If I search for it, I find https://package.elm-lang.org/packages/kennib/elm-maps/latest but the examples are not working for me, it feels like some mouse events get missed?
E.g. here: https://kennib.github.io/elm-maps/examples/Fullscreen
Ok, it's not working for me on Firefox, but does seem to work better on Chromium (although some tiles are not rendered, but that might also be a server-side issue). Map support is crucial for me and was the reason I didn't dive into Elm so far, but maybe the problem is resolved now?
Check out this talk about how to do it: https://www.youtube.com/watch?v=tyFe9Pw6TVE
For future reference, the quickest way to get questions like this answered is in the #beginners channel on Elm Slack:
Tons of super helpful people there!
I am searching for something similar in Elm. I'll head over to other channels for more questions, thanks.
> [_] Server-side rendering
> [x] Tree shaking
> [_] Code splitting
> [_] Lazy loading
On the other hand, Elm is not 1.0 yet. They are still breaking the ecosystem with new releases.
I also wouldn't be surprised if Elm compiled to wasm in the future.
AFAIK it's more about missing stuff like DOM access and GC that stands in the way.
asm.js is different enough that it's just not about adding a seperate asmjs "compatibility" target. On the top of my head you don't have 64-bit ints or floats and I believe the way you call asm.js fns from/to JS is different from wasm. Adding asm.js support just for IE 11 wouldn't be worth the effort.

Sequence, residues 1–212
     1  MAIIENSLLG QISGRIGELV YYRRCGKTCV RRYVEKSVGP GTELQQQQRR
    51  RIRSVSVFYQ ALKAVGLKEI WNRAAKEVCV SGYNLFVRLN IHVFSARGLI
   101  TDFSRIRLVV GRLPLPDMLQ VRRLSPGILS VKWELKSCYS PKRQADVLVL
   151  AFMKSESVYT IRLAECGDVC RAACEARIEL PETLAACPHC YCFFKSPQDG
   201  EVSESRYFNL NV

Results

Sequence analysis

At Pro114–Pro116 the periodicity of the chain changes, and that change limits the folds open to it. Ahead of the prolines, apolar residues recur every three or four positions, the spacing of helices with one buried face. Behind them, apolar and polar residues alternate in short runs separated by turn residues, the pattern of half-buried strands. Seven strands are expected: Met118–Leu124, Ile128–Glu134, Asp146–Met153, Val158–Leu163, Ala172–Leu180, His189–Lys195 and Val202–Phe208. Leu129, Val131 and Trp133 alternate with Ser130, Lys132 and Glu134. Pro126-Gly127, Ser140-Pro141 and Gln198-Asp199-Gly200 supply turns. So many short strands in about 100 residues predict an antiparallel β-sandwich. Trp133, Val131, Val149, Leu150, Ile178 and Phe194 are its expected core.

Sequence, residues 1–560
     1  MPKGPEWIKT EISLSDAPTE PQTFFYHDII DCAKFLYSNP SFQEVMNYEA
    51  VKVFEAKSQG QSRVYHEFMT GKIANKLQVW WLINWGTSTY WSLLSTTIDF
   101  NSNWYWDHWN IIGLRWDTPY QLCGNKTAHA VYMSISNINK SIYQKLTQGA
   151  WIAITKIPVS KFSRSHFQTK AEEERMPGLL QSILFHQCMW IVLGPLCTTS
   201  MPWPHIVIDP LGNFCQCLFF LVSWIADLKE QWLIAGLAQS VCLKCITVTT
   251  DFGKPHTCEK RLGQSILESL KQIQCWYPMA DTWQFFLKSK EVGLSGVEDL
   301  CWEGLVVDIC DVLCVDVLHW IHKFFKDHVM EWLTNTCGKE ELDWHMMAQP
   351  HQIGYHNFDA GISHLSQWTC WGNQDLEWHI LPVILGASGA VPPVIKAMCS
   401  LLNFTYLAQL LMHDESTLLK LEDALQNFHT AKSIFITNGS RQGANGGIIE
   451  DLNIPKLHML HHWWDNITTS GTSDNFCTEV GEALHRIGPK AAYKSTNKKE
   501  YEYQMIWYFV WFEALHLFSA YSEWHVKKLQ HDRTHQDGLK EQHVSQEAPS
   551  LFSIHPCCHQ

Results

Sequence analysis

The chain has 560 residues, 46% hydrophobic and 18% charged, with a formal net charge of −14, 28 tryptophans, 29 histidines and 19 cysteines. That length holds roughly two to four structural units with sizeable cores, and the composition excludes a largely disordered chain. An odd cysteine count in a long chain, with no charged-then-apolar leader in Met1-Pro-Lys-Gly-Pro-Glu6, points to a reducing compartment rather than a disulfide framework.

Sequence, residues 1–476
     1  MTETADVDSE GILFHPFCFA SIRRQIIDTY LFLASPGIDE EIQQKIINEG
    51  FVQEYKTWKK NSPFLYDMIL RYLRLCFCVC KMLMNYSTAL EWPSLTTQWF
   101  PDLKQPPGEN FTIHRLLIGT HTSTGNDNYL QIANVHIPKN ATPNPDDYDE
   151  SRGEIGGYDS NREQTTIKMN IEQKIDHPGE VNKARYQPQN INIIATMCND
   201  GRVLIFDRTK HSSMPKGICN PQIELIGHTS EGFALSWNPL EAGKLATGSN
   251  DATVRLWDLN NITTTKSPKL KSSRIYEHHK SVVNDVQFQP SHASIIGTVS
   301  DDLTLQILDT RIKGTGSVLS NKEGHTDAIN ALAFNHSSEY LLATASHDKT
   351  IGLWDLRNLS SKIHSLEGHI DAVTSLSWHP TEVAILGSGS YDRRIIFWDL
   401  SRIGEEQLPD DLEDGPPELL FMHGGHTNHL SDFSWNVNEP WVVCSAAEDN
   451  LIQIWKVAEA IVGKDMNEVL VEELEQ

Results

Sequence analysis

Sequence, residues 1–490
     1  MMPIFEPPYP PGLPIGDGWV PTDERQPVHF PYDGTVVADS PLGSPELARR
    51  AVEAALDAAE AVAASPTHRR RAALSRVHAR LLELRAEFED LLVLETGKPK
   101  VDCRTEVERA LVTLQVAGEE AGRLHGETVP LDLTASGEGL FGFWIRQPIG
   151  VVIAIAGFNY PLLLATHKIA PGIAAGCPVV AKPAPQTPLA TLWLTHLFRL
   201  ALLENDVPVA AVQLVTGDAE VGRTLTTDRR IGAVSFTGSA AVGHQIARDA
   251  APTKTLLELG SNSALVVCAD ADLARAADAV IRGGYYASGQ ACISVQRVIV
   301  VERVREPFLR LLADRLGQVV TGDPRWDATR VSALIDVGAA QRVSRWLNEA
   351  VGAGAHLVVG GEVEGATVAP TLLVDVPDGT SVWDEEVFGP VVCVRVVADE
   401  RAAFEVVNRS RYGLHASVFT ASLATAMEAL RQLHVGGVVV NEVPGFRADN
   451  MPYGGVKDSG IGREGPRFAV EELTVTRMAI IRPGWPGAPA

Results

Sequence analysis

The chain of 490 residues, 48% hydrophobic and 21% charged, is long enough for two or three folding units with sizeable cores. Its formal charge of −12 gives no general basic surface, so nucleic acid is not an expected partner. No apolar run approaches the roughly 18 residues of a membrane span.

This is pretty much consistent with my elm experience, I've never found it professional enough to consider for a production application.
It explicitly says I'm not allowed to tell you that the auto upgrade doesn't work for me and there's no details on how to do it manually.
Sigh I'll try again in a few months.. maybe.
The document I linked too contains the language and std-lib changes between 0.18 and 0.19, for the rest you use new packages.
If you don't want to upgrade that's fine, but you're literally staring at the information on what to do.
Uh… what? All it says is that elm-upgrade exists but is an alpha, and issues should be reported to the elm-upgrade repository.
Do not post about the alpha/RC version of elm-upgrade on reddit, twitter, HN , discourse etc
That's already an issue about alpha.elm-lang.org being broken, changing it to point at package.elm-lang.org gets me further but the next set of errors are so unhelpful I'm giving up.
There has been some work to generate static html from Elm - https://github.com/eeue56/elm-static-html - and there's no technical reason I'm aware of that prevents it from being taken as far as Gatsby does.
(It uses elm-static-html under the hood.)
>Just the opposite! The new compiler is quite fast!
The only way Elm uses node is for `elm repl`, since that needs a way to evaluate the compiled JS on the command line.
The only way Elm uses npm is for `npm install --global elm` - but that's just as a convenient way to get a cross-platform installer. All it does is download the `elm` executable and put it on your PATH!